Laboring for both the Church and for others requires great self-sacrifice, but it will not be forgotten by God. We must remember Christ’s words in Matthew 25:40: “And the King shall answer and say unto them, ‘Verily I say unto you, Inasmuch as ye have done it unto one of the least of these my brethren, ye have done it unto me.'” When we labor for others, we also labor for Christ. We must labor for others and the Church by persevering until the very end, just as Christ did in His ministry on earth.
It is in ministering to others, in this case specifically other Christians (the saints, a term that was used in a biblical sense to refer to all true believers or members of the Body of Christ) but also to strangers, that we gradually acquire the spirit of Christ, converting our broken and self-centered nature into the example of self-sacrifice and total love that He demonstrated.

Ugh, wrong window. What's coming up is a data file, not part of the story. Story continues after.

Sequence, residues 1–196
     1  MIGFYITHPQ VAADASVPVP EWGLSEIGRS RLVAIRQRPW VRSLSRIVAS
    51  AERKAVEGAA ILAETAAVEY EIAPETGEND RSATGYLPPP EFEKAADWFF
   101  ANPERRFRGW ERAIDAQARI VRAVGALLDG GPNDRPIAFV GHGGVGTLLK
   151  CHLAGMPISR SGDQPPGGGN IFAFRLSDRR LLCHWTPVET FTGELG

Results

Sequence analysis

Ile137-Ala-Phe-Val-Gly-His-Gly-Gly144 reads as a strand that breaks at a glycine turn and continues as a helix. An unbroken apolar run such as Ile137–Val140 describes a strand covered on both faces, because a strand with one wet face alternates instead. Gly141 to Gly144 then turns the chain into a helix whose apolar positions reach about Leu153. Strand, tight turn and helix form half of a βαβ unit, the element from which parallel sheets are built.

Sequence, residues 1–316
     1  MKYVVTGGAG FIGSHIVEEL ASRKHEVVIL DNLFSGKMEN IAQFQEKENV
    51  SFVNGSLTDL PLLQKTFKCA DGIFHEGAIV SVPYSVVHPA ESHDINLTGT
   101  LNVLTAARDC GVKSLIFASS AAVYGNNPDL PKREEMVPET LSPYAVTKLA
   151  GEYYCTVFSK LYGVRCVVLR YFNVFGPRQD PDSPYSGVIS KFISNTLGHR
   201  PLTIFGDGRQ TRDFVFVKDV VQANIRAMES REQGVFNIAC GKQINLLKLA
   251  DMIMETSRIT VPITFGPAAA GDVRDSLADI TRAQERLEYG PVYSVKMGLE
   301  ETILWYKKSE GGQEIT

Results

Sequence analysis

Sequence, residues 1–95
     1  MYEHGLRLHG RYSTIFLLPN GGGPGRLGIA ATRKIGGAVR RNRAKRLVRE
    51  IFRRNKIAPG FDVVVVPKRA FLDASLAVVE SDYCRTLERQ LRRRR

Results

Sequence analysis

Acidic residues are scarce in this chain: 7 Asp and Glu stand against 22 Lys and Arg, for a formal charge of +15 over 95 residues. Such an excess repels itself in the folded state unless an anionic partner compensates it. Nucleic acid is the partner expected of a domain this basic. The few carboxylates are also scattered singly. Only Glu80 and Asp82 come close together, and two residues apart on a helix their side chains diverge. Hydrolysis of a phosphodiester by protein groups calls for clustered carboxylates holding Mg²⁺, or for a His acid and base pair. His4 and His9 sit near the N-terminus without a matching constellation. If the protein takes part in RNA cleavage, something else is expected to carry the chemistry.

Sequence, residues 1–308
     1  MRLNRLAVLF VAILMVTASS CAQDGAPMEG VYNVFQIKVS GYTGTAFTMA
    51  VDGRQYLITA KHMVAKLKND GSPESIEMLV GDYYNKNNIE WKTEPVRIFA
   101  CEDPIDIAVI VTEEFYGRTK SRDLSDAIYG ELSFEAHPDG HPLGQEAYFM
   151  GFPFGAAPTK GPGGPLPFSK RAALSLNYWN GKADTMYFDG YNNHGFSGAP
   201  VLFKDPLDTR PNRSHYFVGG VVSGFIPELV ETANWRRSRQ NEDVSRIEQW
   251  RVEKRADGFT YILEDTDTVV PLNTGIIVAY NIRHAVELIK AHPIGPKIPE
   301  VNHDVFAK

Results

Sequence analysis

Finally, we must demonstrate perseverance and faithfulness in our efforts. We can’t lose hope or become tired halfway through the effort. As Christians, we are called to compete in the race, to constantly examine ourselves and make improvements. In the services of the Church, Christ is often called long-suffering. This is because not only did he suffer on the Cross, an act in and of itself an amazing act of sacrifice, but his entire life on earth was a period of suffering and self-denial, as He is God incarnate.